Tut, Tut, Tut

The only American stop of a touring exhibition of more than 150 exceptional artifacts discovered in the tomb of 18th Dynasty Pharaoh Tutankhamun is now open to the public at the California Science Center in Los Angeles. Much like it blockbuster predecessor exhibitions, King Tut: Treasures of the Golden Pharaoh is shaping up to be a monster best-seller, so even though it will run through January 6th, 2019, if you are in Los Angeles or can plan to be there, book your tickets early and often.

The objects on display are funerary treasures that were interred with the young king. Through the artifacts, visitors will learn about King Tut’s life, his death and the afterlife they were intended to accompany him into. This is the largest group of Tutankhamun’s burial treasures ever to travel. Fully 40% of them have never been outside of Egypt.

The show also coincides with the centennial of the tomb’s discovery, so there are historical photos on display from Howard Carter’s find of a lifetime.

“Each artifact presented in King Tut: Treasures of the Golden Pharaoh is important to the story of King Tut – helping us to learn how they were used in his daily life and in preparations for his journey to the afterlife. Especially notable is what the discovery of his tomb meant to the world of archaeology and the insights gained from the state-of-the-art technology and scientific analyses of King Tut’s mummy and artifacts,” said California Science Center President Jeff Rudolph. “It is our honor to be the first institution to host the exhibition that will hopefully inspire people around the world to see the exhibition and visit the upcoming Grand Egyptian Museum in Giza to see more of these wonders of ancient Egypt.”

That last plug for a museum that won’t even be open until 2020 tells you why Egypt is willing to part with so many priceless objects it hasn’t been willing to part with, even for a temporary stretch, over the last century. The tour is one big, beautiful, shiny, rapturous lure for tourists in the US and Europe to make their way to Cairo once the new museum next to the pyramids is complete and open to the public.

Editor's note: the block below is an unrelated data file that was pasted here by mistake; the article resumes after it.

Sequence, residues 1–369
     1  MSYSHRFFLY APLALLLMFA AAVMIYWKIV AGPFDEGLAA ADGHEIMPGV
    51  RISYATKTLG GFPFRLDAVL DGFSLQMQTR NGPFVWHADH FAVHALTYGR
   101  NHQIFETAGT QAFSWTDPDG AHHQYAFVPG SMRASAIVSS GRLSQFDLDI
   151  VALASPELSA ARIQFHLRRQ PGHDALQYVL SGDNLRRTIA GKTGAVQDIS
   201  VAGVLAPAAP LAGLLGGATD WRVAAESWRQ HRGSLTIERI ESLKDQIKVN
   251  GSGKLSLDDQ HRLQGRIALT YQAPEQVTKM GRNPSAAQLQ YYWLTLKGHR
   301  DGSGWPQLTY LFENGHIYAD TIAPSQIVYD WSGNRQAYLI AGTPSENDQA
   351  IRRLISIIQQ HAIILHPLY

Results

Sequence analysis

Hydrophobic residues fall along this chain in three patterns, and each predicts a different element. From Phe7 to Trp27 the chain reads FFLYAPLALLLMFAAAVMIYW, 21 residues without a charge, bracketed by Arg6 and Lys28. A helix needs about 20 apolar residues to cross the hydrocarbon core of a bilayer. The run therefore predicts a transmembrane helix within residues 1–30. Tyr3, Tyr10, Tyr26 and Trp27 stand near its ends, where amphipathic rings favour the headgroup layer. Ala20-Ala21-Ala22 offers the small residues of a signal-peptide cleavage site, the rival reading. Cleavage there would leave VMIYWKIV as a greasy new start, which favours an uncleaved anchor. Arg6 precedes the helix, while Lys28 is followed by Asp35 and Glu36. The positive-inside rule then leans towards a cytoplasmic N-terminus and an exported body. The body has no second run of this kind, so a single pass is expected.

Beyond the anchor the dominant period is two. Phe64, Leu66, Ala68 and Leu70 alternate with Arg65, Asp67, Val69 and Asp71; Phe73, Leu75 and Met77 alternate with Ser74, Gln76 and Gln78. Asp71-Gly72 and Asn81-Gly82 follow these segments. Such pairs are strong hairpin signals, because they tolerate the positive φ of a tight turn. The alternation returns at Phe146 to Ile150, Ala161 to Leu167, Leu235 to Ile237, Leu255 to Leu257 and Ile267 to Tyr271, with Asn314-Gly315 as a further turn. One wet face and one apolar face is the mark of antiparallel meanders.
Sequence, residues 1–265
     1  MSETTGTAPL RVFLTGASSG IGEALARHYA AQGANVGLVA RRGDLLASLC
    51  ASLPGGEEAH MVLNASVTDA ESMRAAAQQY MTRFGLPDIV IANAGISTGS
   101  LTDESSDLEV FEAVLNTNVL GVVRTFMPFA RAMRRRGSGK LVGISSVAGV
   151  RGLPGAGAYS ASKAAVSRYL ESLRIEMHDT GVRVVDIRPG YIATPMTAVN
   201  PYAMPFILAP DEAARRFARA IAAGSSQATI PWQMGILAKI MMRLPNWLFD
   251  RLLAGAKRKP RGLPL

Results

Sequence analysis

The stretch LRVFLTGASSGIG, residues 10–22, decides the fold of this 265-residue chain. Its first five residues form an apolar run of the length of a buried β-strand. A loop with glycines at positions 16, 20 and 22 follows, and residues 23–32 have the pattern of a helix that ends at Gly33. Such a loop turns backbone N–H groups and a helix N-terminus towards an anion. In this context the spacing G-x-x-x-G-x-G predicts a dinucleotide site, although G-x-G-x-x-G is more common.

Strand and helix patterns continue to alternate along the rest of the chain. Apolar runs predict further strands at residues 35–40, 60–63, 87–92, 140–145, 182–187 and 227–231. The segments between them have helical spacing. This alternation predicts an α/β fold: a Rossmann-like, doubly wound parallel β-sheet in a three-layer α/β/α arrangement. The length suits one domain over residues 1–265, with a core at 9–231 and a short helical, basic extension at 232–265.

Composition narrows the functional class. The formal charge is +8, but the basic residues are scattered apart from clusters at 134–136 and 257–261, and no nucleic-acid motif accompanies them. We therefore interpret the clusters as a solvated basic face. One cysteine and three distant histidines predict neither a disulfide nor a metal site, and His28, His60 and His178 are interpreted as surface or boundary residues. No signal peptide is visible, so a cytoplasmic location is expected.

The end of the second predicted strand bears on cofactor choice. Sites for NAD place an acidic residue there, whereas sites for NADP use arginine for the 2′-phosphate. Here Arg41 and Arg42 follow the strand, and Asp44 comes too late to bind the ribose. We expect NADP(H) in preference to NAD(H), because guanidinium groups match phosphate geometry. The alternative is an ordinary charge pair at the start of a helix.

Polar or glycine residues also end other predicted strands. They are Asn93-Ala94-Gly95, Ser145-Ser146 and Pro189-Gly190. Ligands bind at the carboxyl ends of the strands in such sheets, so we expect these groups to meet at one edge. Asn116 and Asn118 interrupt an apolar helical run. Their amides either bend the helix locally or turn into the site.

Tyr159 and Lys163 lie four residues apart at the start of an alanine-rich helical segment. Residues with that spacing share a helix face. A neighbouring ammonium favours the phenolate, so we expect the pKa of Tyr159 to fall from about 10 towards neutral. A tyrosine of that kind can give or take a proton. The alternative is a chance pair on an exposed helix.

And now, the reason for this post. Bring on the glorious artifact porn!

Be sure to click on the thumbnails to see the full-sized versions because they are in fantastically high resolution and look amazing.

This is one is more from the annals of “how the sausage is made,” in this case how the artifacts were unpacked an installed after their arrival in Los Angeles. It’s just such a beautiful, haunting image. It could be a stand-alone art piece.

11 thoughts on “Tut, Tut, Tut

  1. But whose name is written in the center of the belt of the quartzite statue? It doesn’t look like Tutankhamun’s.

  2. Any idea why/how the statue got so damaged? Would be really interesting to see whole(reassembled) for concept of physique.
    Seems as funerary~ the pieces would have been present. Not trashed and discarded prior, as this was with the burial you say…
    LoL~ yup- good hook! I’m interested!

  3. I was able to see the tour of the major artifacts in Ottawa, Canada, back in the early 1970s and still remember some of those pieces vividly. Amazing examples of art and of the vibrant life of the ruling classes in ancient Egypt. “Beautiful” is an inadequate word to describe many of the artifacts from one of the cradles of modern civilization.

  4. Twenty years ago I overheard a conversation in a dentist’s waiting room. A bloke – a plumber by trade – had just returned from a holiday in Egypt. He had been bowled over by the ancient artefacts but that wasn’t his main point. How, he demanded, could Egypt have descended from its glory to its present condition of … well, nowadays one says “shithole” apparently. Could it happen to us?

    This insight had made him something of a philosopher, keen to discuss his worry with strangers.

  5. From the left I can read formula “Beloved of Amun Re lord of the two lands” then there is an alteration and poor inscribe hieroglyphs. Later pharaohs commonly usurped the statues of their predecessors

  6. One day in the mid 60’s, my father brought home a full color coffee table book about Tutankhamun and the discovery of his tomb. That was the day I fell in love with archaeology!

  7. Thank you for the translation. And I thought the inscription on the right side looked different too. Like the original had been gouged out and the replacement glyphs were shallower. I wonder if this statue was found in Tutankhamun’s tomb.

  8. ‘Me too’ could witness Tut’s 70ies ‘artifact world tour’ as a child, i.e. including the golden mask and all. Seems as if they did not send that “gilded wooden shrine” around.

    To me, it looks as if there had been a statue inside, i.e. on the block where those ’empty footprints’ are visible. Also, there are what appears to be wooden ‘skewers’ put through the doors into the frame that I don’t have an explanation for.


  9. This is one of surviving statues now recognized as King Tut. It is the remains of a 10-foot painted quartzite statue, the largest known image of King Tutankhamun. It was found in the funerary temple of his high officials Ay and Horemheb each of whom ruled as Pharaoh after Tutankhamun. This statue was found in the Funerary Temple of Ay and Horemheb at Thebes.

  10. This is obviously a statue of Mickael Jackson the first, in his last years. He ruled the World of Pop Music in the late eighties of the XXth century.

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